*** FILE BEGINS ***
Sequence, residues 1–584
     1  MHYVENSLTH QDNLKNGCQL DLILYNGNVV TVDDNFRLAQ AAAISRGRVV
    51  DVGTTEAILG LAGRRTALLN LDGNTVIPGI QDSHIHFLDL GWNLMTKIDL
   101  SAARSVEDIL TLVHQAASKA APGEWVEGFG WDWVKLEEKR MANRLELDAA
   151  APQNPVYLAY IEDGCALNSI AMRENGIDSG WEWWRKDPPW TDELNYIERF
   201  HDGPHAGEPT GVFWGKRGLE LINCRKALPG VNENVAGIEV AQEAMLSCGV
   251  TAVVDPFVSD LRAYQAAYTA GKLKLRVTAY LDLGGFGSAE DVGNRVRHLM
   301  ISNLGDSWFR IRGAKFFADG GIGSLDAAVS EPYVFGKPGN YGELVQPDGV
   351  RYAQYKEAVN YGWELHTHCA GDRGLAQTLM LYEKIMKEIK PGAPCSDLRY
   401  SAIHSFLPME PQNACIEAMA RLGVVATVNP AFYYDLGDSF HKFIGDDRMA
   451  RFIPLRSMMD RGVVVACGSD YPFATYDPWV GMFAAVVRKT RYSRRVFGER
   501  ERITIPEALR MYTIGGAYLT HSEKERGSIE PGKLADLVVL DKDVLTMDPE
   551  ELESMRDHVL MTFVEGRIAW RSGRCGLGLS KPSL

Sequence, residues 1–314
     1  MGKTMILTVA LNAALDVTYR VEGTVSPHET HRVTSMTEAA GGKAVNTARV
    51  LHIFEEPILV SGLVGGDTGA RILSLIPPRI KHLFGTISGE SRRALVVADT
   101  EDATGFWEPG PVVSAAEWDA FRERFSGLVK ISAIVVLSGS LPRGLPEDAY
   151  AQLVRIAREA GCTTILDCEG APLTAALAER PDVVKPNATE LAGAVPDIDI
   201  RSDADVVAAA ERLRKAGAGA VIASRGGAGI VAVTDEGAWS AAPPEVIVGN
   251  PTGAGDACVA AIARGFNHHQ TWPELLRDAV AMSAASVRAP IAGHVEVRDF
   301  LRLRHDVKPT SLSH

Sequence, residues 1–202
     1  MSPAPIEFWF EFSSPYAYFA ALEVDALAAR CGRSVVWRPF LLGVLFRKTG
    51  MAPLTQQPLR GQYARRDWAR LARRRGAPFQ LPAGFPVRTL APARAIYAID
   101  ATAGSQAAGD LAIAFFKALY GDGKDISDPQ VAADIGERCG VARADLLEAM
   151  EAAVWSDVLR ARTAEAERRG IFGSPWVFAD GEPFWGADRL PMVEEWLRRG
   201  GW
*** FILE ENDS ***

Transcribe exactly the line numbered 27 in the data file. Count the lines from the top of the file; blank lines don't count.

   201  GW